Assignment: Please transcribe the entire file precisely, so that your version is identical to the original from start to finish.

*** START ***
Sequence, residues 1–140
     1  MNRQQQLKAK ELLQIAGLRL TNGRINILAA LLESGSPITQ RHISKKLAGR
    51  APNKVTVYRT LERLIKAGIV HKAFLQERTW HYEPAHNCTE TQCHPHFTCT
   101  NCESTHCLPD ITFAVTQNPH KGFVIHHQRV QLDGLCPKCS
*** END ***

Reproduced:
Sequence, residues 1–140
     1  MNRQQQLKAK ELLQIAGLRL TNGRINILAA LLESGSPITQ RHISKKLAGR
    51  APNKVTVYRT LERLIKAGIV HKAFLQERTW HYEPAHNCTE TQCHPHFTCT
   101  NCESTHCLPD ITFAVTQNPH KGFVIHHQRV QLDGLCPKCS